Engaging undergrads remotely with an escape room game



Drawing inspiration from escape room games, like the one pictured, chemistry professors are developing new ways to engage undergraduate students.
Credit: Michal Durinik/Shutterstock.com

“Escape the (Remote) Classroom: An Online Escape Room for Remote Learning”
Journal of Chemical Education

To prevent the spread of COVID-19, many universities canceled classes or held them online this spring — a change likely to continue for many this fall. As a result, hands-on chemistry labs are no longer accessible to undergraduate students. In a new study in the Journal of Chemical Education, researchers describe an alternative way to engage students: a virtual game, modeled on an escape room, in which teams solve chemistry problems to progress and “escape.”

While some lab-related activities, such as calculations and data analysis, can be done remotely, these can feel like extra work. Faced with the cancellation of their own in-person laboratory classes during the COVID-19 pandemic, Matthew J. Vergne and colleagues looked outside-the-box. They sought to develop an online game for their students that would mimic the cooperative learning that normally accompanies a lab experience. 

To do so, they designed a virtual escape game with an abandoned chocolate factory theme. Using a survey-creation app, they set up a series of “rooms,” each containing a problem that required students to, for example, calculate the weight of theobromine, a component of chocolate. They tested the escape room game on a class of eight third- and fourth-year undergraduate chemistry and biochemistry students. The researchers randomly paired the students, who worked together over a video conferencing app. In a video call afterward, the students reported collaborating effectively and gave the game good reviews, say the researchers, who also note that it was not possible to ensure students didn’t use outside resources to solve the problems. Future versions of the game could potentially incorporate online simulations or remote access to computer-controlled lab instrumentation on campus, they say.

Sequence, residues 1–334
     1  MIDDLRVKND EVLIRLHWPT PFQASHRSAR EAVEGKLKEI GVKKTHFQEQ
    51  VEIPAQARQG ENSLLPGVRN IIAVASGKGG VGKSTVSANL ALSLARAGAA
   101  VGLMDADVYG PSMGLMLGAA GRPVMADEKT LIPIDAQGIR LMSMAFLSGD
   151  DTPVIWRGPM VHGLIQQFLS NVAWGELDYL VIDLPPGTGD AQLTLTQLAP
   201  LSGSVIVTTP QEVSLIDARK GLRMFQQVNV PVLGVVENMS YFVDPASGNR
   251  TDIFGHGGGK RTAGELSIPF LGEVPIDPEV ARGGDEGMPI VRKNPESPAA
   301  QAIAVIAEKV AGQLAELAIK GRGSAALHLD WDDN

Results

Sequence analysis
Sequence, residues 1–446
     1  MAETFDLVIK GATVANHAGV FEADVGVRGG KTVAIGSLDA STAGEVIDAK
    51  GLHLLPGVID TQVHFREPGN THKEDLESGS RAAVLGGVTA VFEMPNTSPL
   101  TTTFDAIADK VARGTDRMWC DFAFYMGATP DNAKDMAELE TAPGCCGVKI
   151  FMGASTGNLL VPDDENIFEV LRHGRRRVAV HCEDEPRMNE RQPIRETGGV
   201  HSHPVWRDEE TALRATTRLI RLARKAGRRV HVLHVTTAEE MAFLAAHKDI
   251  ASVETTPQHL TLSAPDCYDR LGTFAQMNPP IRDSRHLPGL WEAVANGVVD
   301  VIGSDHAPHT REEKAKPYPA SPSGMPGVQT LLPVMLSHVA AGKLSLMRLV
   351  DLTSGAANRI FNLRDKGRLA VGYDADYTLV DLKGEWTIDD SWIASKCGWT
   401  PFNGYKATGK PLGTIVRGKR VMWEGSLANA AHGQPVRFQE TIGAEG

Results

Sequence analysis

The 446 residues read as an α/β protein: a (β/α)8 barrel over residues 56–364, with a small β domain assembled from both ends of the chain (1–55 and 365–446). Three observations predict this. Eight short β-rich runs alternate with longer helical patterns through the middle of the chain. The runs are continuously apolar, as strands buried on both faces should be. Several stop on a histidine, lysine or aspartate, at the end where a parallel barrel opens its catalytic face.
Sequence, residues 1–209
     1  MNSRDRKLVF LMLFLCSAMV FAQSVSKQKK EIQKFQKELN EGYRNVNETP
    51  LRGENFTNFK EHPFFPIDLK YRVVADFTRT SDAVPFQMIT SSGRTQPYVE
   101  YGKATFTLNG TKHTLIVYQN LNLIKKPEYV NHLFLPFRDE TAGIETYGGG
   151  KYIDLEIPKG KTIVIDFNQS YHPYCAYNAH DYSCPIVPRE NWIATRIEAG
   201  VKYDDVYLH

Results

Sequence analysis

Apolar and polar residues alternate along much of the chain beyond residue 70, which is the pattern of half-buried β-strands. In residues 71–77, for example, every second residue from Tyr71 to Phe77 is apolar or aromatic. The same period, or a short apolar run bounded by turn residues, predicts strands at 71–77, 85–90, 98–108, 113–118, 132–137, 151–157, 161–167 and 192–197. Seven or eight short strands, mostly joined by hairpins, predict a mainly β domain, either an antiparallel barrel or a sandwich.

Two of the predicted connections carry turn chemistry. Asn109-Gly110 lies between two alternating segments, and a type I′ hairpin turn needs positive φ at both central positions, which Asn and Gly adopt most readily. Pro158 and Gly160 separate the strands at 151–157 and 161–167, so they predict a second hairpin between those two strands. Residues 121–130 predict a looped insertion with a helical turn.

The authors did not receive funding to support this work.

This article is part of the “Insights Gained While Teaching Chemistry in the Time of COVID-19” August 2020 special issue.

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Note: ACS does not conduct research, but publishes and publicizes peer-reviewed scientific studies.

Note: ACS does not conduct research but publishes and publicizes peer-reviewed scientific studies.

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